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The student news site of Mountlake Terrace High School in Mountlake Terrace, Washington.

The Hawkeye

The student news site of Mountlake Terrace High School in Mountlake Terrace, Washington.

The Hawkeye

The student news site of Mountlake Terrace High School in Mountlake Terrace, Washington.

The Hawkeye

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The Hawkeye May 2024
1st Amend Award School

Abrupt loss of activity bus affects students

In previous years, schools throughout Edmonds School District 15 (ESD), have provided an after-school activities/athletics bus. It was transportation for people with extra-curricular involvement and went through a broad range of stops to comply with everyone’s needs. Due to this year’s budget cuts, however, no school in district has the bus.
The idea to discontinue the activities bus emerged as a proposal in the April 8, 2008 budget committee meeting and was put into effect on Aug. 27, 2008. The idea was proposed by the ex-head of transportation, Reg Clark. The meeting was focused on how to minimize expenditures or increase revenue for the 2008-2009 school year. One suggestion was to charge students to ride the bus but that idea was voted down.
The district also felt that the purpose of the bus was being abused. They felt students were only using the bus as a way home so they could hang out with their friends longer after school.
During the 2007-2008 school year the ESD 15’s annual expenditure cost was $40,177,336. Unfortunately the district only made $10,405,822 revenue to cover the cost. Drastic changes had to be quickly made. The biggest cuts were in special education and transportation. Last year the cost of transportation for the district was $8,023,567. By just cutting the after school bus they saved $450,200. The majority of the cost is from the mandatory transportation of homeless students. By law homeless children must be provided access to education. Their transportation accounts for about $2,500,000 of the cost.
Students and parents throughout the school were struck from behind with the decision. By law, teachers have to be notified of any changes in the upcoming school year by May 18 of the previous school year. The only notification that the students at our school got was an announcement the second day of school after many students had been stranded after school the previous day.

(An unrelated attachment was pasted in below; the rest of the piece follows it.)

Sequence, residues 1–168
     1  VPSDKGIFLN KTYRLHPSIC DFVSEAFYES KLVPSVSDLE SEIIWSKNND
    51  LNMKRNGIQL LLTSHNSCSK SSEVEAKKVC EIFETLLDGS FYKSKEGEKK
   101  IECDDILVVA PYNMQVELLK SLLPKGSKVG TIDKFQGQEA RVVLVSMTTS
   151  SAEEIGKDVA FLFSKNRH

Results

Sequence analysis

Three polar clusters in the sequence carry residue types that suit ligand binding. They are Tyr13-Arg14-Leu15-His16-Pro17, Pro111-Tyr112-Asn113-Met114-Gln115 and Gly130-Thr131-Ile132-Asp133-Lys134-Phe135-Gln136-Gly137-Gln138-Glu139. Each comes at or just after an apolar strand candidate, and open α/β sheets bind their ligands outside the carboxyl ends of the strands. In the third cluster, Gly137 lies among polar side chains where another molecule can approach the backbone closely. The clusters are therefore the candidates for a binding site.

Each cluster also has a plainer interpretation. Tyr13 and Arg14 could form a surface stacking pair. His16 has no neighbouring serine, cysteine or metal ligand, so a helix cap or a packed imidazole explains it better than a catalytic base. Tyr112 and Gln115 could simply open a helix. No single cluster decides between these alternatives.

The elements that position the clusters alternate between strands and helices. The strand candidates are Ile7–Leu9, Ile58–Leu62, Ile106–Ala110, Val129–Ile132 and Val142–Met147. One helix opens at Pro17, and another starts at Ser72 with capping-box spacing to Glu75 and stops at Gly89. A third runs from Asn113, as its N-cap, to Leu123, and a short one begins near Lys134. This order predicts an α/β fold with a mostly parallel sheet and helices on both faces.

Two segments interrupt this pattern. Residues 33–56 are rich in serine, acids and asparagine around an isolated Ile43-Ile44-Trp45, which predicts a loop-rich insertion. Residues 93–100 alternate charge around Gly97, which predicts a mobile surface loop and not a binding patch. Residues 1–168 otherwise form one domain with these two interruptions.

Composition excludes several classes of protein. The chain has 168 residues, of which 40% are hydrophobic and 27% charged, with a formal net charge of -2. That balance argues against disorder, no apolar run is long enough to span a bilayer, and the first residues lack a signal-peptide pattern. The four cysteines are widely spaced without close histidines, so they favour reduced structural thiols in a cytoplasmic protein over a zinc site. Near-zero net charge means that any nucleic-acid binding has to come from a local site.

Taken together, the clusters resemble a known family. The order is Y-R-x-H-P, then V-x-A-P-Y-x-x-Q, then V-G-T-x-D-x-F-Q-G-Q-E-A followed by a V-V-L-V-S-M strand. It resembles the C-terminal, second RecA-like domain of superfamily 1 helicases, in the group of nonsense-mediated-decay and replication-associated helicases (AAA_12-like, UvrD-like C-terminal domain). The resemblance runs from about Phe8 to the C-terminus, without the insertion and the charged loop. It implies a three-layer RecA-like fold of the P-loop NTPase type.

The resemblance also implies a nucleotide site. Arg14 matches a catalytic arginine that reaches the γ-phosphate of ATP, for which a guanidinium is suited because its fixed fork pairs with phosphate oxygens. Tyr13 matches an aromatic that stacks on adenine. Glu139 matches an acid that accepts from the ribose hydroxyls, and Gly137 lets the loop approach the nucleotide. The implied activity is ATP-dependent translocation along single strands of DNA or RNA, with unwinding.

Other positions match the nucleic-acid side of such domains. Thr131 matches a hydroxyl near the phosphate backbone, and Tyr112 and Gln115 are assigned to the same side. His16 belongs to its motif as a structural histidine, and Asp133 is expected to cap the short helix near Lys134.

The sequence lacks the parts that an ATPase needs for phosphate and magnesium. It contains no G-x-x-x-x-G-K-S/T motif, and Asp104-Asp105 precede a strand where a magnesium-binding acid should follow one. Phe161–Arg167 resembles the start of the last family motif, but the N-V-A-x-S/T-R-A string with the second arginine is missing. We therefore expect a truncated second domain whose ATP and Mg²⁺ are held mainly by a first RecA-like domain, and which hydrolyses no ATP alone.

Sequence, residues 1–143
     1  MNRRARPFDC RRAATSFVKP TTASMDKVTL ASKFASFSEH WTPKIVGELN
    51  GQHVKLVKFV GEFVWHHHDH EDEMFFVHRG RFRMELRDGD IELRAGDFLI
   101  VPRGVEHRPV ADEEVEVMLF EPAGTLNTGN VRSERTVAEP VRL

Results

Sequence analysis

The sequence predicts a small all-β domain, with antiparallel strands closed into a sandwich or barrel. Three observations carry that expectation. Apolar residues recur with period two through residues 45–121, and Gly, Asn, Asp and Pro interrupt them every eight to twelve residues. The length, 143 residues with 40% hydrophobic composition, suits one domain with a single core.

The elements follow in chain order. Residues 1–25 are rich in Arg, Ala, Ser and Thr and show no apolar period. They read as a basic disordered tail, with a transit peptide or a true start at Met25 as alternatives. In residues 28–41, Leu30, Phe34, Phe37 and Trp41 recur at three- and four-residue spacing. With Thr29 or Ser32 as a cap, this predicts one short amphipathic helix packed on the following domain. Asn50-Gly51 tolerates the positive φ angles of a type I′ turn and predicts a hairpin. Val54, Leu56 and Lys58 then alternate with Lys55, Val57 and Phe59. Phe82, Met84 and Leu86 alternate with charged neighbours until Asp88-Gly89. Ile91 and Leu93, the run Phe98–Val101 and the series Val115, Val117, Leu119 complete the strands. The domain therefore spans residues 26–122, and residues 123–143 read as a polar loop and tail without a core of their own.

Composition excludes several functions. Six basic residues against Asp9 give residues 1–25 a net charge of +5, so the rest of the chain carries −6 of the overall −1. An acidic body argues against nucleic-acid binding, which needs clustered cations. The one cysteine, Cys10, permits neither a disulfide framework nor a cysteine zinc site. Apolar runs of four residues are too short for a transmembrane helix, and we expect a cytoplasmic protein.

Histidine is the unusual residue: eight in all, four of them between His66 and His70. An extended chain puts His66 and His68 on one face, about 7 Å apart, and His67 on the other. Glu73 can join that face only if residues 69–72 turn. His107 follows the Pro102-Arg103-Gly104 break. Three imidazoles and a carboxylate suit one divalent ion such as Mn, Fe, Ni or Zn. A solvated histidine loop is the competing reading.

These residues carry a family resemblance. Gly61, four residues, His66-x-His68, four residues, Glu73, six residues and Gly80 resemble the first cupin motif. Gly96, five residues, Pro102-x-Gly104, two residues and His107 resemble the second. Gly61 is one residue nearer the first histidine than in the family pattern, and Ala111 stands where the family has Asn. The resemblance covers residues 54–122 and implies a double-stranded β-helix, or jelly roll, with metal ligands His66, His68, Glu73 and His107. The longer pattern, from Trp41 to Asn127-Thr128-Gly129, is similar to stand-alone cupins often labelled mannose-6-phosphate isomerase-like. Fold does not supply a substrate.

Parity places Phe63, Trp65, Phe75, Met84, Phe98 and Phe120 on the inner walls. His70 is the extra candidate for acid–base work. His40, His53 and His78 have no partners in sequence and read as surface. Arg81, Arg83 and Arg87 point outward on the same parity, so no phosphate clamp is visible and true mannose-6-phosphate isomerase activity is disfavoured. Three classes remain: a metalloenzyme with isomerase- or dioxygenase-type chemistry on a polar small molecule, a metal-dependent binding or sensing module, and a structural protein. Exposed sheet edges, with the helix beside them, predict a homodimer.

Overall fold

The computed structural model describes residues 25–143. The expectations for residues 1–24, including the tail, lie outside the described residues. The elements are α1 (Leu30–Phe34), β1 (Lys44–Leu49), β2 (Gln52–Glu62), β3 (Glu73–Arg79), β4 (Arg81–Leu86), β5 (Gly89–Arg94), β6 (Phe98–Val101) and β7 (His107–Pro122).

“[It is] kind of lame,” said senior Samantha Westerlund. “Students should be offered a way home if they stay after school.” Junior Jason McMasters said, “It really sucks. The fact that I have to walk home two miles with heavy books and my guitar makes me angry, displeased, and haggard.”
Social studies teacher Dory Pearce also had a strong opinion as well stating, “I know there are budget issues in the school district. I think it is too bad. Students used the after school to for extra-curricular activities, to get help from teachers. It’s a shame.” Art teacher Mark Walker suggested that students look elsewhere for transportation. “Maybe you should contact your local church, they have buses. Maybe local companies would fund things like activities.”
There is little the district can do to get the bus back. One option is that individual schools could buy the bus and pay for it with their own funding. However with budget cuts district wide schools will have little change to spare especially $450,200. The other option is to write to the budget committee to ask them to re-evaluate their decision. Until then, students with extra-curricular activities will have to ride the community transit, drive themselves, ride with friends, or find some other mode of transportation to get home from school.

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